Originally posted on Nonprofit Quarterly Nonprofit Newswire, July 31, 2011.

New York, Marriage Equality and Immigrants

When Governor Andrew Cuomo called for “justice for all” through the passage of a marriage equality bill earlier this year, I asked whether gay marriage was a priority for New York immigrants. Some queer activists did not think so, arguing that many immigrants, gay or straight, are far more concerned about bread and butter issues.

The momentous passage of New York’s Marriage Equality Act late Friday night is nonetheless being celebrated by the LGBT community, its advocates and allies, including those who might have expressed skepticism. The law expands civil rights within the state and codifies the fundamental dignity of LGBT individuals and their families, some of whom are immigrants.

The Marriage Equality Act will not help lesbian and gay immigrants who hope to gain permanent residency by wedding their American partners, since immigration is under federal purview and the Defense of Marriage Act (DOMA) bars the U.S. government from recognizing gay marriages. Among permanent residents and naturalized citizens however, the new law establishes one more jurisdiction where lesbian and gay couples will be treated equally within its boundaries. All couples have the freedom to marry in Connecticut, Iowa, Maine, New Hampshire, Vermont, Washington, D.C. and now, New York.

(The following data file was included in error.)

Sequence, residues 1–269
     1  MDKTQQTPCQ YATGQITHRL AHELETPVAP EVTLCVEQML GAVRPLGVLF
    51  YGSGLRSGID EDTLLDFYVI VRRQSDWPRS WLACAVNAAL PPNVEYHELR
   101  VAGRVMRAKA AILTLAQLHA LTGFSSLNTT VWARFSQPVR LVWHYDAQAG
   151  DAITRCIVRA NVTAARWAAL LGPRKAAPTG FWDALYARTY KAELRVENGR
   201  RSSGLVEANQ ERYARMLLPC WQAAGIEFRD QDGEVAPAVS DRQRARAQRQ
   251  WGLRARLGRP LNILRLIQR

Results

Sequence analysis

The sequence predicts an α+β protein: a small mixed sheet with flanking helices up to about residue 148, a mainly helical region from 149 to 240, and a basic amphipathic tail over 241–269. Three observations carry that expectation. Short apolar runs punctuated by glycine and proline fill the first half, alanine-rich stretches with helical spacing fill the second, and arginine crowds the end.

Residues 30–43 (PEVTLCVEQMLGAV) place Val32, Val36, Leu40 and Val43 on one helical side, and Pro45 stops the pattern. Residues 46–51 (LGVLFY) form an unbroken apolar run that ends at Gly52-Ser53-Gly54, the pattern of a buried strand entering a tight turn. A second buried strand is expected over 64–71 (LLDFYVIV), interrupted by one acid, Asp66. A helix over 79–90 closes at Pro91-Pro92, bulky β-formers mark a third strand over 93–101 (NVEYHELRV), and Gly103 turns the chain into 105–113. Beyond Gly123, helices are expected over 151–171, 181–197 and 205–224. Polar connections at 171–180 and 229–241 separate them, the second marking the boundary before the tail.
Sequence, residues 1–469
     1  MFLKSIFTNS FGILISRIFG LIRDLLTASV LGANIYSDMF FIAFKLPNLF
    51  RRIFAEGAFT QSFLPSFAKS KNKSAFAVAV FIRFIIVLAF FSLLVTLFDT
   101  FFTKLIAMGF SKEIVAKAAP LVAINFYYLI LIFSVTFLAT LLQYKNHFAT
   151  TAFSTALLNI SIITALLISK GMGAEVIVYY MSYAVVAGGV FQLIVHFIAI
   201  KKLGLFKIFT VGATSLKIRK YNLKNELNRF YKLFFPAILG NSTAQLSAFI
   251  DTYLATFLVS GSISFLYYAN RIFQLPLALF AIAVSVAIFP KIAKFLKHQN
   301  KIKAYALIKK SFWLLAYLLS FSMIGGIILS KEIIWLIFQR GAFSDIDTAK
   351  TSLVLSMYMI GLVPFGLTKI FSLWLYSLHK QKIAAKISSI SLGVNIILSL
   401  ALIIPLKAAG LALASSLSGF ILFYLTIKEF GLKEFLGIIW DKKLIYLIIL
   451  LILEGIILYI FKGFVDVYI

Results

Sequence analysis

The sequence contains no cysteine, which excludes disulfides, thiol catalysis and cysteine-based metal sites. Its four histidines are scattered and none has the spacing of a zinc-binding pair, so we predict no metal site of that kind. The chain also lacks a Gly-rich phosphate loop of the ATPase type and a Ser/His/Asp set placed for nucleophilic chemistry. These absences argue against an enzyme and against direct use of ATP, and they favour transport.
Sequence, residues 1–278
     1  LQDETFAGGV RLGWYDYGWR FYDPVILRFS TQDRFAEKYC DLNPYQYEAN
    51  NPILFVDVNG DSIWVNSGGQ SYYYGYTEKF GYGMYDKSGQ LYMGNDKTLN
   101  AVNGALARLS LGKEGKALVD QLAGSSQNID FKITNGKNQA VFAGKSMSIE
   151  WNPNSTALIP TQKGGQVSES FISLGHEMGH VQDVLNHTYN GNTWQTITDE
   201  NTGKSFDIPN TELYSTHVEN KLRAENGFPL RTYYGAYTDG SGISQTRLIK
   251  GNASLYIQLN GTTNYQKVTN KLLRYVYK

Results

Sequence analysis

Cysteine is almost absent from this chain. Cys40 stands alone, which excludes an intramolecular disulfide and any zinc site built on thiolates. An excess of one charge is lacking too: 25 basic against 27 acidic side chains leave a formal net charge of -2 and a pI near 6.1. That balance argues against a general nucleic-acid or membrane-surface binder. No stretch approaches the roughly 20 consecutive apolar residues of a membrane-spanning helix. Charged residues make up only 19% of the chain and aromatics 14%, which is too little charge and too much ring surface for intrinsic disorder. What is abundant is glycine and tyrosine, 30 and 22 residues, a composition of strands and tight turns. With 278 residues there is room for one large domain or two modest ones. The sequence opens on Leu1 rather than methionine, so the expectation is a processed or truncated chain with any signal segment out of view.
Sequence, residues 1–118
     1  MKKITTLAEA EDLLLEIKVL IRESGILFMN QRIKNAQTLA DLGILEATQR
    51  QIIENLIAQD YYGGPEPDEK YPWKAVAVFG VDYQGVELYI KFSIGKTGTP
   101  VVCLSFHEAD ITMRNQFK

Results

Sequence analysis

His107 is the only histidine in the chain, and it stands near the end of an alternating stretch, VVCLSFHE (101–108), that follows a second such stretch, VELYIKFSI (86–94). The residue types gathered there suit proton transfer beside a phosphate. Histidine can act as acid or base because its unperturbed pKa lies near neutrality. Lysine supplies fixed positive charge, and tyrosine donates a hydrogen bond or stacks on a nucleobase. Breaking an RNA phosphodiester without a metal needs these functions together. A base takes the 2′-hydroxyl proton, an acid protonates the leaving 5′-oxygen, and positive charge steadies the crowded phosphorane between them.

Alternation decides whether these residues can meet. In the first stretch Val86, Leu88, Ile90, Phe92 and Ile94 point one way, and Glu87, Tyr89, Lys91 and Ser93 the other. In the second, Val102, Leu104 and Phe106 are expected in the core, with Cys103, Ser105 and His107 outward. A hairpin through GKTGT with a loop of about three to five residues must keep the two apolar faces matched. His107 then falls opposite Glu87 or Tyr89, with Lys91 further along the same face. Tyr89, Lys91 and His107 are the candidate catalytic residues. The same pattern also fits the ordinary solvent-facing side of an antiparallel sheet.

Evan Wolfson, founder and president of Freedom to Marry, one of the organizations that led the effort to pass gay marriage in the state, told Fi2W back in January that “the denial of the freedom to marry with all its tangible and intangible protections, consequences, and meaning hurts everyone—not least because it is state-sponsored discrimination based on who we are and who we love, which is intolerable.”

New Yorkers – gay or straight, immigrant or native-born – have great cause to celebrate. They have taken a big step in the long of arc justice and freedom for all.